Bombardier’s rail unit may expand in U.S. on stimulus
(Bloomberg News circulated the following story by Hugo Miller on January 7.)
WASHINGTON, D.C. — Bombardier Inc., Amtrak’s largest supplier, may build more trains in the U.S. as President-elect Barack Obama’s administration prepares a $775 billion stimulus package and the passenger railroad is set to win new funding.
“If the new administration walks the talk in terms of helping the transit agency to fund more projects, we could expect to grow our business in the U.S.,” Andre Navarri, president of Bombardier’s rail business, said today in a telephone interview from the unit’s Berlin headquarters. That may lead to additional U.S. production, he said.
Bombardier’s plans reflect the stimulus package, which would boost infrastructure such as rail lines, as well as approval by Congress in October of $13.1 billion in passenger-rail spending over five years. Three-fourths of that would be for Amtrak, which would get an increase in its annual federal subsidies to an average of $1.93 billion, from $1.3 billion now.
Montreal-based Bombardier’s rail business now generates about 75 percent of its revenue in Europe.
The U.S. stimulus plan, if approved, may result in orders from transit agencies across the U.S., including those in Chicago, San Francisco and New Jersey, Navarri said. The Chicago Transit Authority has an option for 300 more subway cars from Bombardier, after ordering 406 in 2006. The option may be valued at $426 million, based on the original contract.
Increased funding for Amtrak is “very encouraging,” Navarri said. The U.S. railroad already is renovating its fleet of Acela high-speed trains, with that work done by Bombardier.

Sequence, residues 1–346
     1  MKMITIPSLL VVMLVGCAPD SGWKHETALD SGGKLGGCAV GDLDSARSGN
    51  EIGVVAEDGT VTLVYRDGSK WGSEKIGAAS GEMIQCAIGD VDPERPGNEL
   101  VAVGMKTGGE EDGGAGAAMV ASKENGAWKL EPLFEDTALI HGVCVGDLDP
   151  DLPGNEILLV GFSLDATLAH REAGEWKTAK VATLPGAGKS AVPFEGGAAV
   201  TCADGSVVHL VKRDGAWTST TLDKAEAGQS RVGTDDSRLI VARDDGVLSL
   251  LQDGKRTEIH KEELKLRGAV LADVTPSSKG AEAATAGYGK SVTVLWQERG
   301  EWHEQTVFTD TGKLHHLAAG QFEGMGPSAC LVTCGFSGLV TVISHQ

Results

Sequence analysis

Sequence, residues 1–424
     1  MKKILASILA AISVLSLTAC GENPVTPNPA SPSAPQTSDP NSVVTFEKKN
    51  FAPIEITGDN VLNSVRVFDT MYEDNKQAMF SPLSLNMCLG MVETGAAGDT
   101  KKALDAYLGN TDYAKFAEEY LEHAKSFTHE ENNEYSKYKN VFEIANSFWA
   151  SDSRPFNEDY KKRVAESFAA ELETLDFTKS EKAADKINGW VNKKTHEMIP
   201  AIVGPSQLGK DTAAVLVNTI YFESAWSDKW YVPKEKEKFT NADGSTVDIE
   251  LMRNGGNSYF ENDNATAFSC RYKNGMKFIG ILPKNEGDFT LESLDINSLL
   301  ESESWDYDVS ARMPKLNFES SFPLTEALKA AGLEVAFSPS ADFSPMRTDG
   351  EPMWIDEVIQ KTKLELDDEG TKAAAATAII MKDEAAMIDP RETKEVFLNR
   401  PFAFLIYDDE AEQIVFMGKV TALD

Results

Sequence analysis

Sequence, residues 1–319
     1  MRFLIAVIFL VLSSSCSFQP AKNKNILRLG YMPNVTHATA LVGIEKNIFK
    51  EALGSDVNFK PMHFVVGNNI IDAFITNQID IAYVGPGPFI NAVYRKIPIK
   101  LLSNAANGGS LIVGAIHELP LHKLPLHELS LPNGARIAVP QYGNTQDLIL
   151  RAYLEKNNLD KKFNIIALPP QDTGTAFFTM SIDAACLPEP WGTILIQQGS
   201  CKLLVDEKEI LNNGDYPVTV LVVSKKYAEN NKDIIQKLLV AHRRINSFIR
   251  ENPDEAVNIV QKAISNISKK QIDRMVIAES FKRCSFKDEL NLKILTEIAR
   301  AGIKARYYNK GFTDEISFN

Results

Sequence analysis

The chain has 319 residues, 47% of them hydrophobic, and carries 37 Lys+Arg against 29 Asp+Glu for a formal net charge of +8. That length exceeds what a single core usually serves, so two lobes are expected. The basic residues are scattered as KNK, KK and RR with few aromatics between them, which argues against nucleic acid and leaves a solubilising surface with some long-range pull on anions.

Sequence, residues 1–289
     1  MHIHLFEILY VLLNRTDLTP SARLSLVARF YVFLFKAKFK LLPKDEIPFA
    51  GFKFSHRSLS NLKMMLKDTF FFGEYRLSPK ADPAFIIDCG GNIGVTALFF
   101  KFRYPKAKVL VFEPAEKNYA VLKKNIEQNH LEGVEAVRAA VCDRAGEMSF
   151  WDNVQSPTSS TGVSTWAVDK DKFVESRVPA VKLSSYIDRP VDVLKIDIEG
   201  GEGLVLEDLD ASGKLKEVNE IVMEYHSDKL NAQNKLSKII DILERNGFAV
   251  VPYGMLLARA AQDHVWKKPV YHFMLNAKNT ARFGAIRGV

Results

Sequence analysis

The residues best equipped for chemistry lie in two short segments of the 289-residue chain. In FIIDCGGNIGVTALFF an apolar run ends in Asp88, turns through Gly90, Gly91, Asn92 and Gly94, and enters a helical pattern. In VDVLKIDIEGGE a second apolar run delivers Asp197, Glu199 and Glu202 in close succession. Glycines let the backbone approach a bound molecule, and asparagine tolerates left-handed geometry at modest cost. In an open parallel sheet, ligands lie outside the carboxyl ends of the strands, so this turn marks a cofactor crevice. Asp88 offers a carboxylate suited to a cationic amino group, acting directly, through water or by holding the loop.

Because Amtrak hasn’t yet released a new spending plan, it’s too early to speculate on how much more business the company might get from the U.S. railroad, Navarri said.
Bombardier, which also builds commercial and business jets, has three main train factories in New York and Pennsylvania, with 2,500 of its 29,000 rail-unit employees in the U.S. The company is the world’s second-largest trainmaker by revenue, behind Paris-based Alstom SA.
Bombardier is negotiating details with Kazakhstan’s government after signing a memorandum of understanding in October to supply the central Asian country with about 1,000 passenger rail cars, Navarri said. The order would be valued at more than $1 billion, and if confirmed, would probably prompt the company to build a local factory, he said.
The company is bidding for a contract to build a light-rail network for the southern Russian city of Sochi, host of the 2014 Winter Olympics, Navarri said. In Russia, Bombardier also is submitting an application to supply St. Petersburg with a tram system. He declined to give values for those contracts.
Bombardier’s Class B shares fell 1 cent to C$4.75 at 2:23 p.m. in Toronto Stock Exchange trading. They declined 25 percent last year.
Thursday, January 8, 2009
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